Crimson Peak | Review

I’m not really one to enjoy horror movies. I have a far too vivid imagination to risk myself seeing horrific ghost or monster flicks when I know that I will just see everything in my sleep that same night. But what I do enjoy are intelligent horror stories, like The Babadook, or It Follows, ones that aren’t just chuck full of cheap jump scares, and have genuinely disturbing or troubling images and themes that make my spine tingle when I’m excitedly telling everyone to watch it. When I saw Guillermo Del Toro’s The Orphanage, I was left with just those feelings. Same goes for Pan Labyrinth, whilst that is more of a fantasy story, I think we can all agree that THAT ONE CHARACTER shit us all up the first time we saw it. So I know that Del Toro is capable of these intelligent horrors, or at least truly troubling imagery that stick with you, and for that exact reason, I was really excited to see Crimson Peak. That, and it’s fantastic cast, Mia Wasikowska, Tom Hiddleston, Jessica Chastain (aka, the love of my life) and gothic themes, what is there to go wrong?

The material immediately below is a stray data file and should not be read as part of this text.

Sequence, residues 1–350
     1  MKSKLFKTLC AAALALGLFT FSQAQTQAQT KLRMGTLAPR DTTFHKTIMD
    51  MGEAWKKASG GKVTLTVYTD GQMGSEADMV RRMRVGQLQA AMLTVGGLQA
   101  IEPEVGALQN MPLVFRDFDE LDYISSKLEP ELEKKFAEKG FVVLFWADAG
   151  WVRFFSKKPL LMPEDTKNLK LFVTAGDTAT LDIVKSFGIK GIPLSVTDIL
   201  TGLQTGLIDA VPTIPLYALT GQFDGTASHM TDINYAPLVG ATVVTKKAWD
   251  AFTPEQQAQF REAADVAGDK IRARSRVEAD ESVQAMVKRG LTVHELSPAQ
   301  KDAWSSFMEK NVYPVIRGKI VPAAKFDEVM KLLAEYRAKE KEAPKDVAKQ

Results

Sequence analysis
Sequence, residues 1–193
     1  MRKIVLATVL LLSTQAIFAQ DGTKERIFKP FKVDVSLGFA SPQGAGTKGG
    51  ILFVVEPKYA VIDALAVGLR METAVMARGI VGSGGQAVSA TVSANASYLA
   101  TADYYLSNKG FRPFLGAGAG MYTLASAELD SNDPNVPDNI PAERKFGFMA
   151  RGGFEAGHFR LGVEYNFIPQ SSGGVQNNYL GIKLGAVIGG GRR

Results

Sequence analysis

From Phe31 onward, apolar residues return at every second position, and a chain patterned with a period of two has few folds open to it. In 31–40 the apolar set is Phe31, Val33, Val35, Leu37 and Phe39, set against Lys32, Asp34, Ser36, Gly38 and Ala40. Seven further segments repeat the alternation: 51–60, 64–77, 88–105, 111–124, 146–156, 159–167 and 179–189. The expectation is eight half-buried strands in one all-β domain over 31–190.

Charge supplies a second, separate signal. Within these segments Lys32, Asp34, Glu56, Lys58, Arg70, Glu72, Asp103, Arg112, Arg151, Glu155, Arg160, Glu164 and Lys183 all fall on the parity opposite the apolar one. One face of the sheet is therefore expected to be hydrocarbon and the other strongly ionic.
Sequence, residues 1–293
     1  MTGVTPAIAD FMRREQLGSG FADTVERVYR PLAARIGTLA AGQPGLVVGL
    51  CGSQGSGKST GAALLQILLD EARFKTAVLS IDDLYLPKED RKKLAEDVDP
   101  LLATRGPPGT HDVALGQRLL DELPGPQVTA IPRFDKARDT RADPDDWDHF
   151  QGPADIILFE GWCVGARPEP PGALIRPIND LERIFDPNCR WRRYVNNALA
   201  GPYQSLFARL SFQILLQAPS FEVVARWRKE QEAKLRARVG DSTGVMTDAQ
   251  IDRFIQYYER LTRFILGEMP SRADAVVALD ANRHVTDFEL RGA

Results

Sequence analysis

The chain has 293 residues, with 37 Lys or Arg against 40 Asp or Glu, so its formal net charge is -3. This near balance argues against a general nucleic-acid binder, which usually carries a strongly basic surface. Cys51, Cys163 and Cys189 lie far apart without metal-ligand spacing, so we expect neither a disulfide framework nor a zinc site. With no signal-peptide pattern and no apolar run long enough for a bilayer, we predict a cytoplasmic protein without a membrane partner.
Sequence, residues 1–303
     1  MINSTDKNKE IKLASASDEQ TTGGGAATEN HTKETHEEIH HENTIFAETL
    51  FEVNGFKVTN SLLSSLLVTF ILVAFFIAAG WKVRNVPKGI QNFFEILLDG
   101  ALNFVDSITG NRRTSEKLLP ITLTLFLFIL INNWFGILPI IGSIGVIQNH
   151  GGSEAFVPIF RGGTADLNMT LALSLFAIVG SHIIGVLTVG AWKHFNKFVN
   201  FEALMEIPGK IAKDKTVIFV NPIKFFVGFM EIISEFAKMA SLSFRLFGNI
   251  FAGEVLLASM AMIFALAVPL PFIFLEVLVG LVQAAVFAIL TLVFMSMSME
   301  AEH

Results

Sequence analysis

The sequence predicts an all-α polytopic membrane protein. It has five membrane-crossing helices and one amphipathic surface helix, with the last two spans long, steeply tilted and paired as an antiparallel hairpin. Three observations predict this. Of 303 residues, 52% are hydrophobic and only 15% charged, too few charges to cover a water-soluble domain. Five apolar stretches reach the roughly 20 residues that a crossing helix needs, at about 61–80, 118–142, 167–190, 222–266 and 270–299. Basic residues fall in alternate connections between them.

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Crimson Peak | Review

The Double

Ever since I heard that Richard Ayoade was releasing another film, I was immensely excited. Then I saw that it had TWO Jesse Eisenberg’s in it, and I was even more excited. Then I saw the trailer and I was practically overcome with excitement! And then the day came – where I journeyed to the cinema, with a particularly favourite human, sat in my seat, and finally experienced this glorious movie.